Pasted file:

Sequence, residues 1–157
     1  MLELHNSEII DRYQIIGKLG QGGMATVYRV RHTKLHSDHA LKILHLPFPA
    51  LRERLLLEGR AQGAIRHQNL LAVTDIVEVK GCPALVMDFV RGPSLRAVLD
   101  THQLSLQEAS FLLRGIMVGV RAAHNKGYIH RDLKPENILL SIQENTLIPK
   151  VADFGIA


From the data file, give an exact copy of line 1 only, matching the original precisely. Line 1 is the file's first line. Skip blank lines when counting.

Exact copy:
Sequence, residues 1–157